High fructose corn syrup (HFCS) is one of the most despised ingredients in consumer health circles. The corn derived sweetener has replaced sugar in soft drinks as well as thousands of other foods and beverages since the 1980′s. HFCS has been blamed by some people for the rise in obesity, diabetes, heart disease, cancer and a host of other maladies.
However, the vast majority of the scientific community maintains the stance that HFCS and sugar are equally unhealthy because people are consuming way too much. A few studies beg to differ, asserting that the slight chemical difference between table sugar and HFCS may lead to a different response in the body.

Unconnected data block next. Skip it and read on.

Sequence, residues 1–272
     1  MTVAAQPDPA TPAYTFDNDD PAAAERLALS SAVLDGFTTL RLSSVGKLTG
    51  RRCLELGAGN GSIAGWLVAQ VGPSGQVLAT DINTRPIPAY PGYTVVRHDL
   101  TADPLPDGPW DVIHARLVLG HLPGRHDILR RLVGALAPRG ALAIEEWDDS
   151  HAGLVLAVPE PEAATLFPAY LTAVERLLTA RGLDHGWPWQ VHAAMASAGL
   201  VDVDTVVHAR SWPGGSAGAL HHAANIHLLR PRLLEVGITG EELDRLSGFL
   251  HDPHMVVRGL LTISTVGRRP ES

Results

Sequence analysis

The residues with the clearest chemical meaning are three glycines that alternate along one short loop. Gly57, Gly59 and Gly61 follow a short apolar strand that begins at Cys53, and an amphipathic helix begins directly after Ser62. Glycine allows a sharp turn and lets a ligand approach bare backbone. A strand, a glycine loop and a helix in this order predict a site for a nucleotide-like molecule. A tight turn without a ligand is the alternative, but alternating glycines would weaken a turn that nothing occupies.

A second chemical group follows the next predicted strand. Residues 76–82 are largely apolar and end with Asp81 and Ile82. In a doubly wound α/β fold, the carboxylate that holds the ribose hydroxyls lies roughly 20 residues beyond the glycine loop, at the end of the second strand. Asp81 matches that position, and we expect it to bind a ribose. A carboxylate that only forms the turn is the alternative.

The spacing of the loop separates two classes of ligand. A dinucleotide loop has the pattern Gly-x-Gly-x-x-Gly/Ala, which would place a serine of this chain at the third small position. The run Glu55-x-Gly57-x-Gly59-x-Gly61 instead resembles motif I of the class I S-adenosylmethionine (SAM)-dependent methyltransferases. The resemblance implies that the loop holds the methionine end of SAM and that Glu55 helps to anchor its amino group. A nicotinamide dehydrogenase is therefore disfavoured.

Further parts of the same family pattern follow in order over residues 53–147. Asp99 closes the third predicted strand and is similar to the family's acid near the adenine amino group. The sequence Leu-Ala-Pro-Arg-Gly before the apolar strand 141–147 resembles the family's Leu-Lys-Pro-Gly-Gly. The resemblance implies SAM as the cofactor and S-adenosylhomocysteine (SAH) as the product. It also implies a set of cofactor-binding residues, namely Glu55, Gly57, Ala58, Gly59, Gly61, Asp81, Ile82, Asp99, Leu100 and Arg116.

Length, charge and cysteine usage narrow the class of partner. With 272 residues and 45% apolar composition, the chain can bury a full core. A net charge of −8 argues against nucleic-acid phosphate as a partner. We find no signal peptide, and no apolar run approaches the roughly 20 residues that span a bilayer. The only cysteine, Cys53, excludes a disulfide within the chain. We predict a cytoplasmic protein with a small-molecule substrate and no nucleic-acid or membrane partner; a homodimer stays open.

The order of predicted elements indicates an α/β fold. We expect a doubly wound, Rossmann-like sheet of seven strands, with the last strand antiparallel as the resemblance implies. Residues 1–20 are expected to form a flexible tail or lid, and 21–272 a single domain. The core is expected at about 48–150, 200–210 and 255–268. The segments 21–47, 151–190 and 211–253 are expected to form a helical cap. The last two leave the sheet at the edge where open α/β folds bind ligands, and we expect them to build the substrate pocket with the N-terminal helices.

A recent study conducted at the University of Utah is one of the first to show a definitive correlation between HFCS consumption and negative health outcomes. Mice were fed a diet including sweeteners at percentages comparable to those consumed by humans. One group consumed HFCS, and a control group consumed sucrose (table sugar).
HFCS consumption led to a reduction in the reproductive capabilities and lifespan of female rodents. Female mice on the HFCS diet had death rates almost twice as high compared to females on the sucrose diet. They also produced around 25 percent fewer offspring. Surprisingly, no difference was observed in male mice. The study will be published in the Journal of Nutrition.
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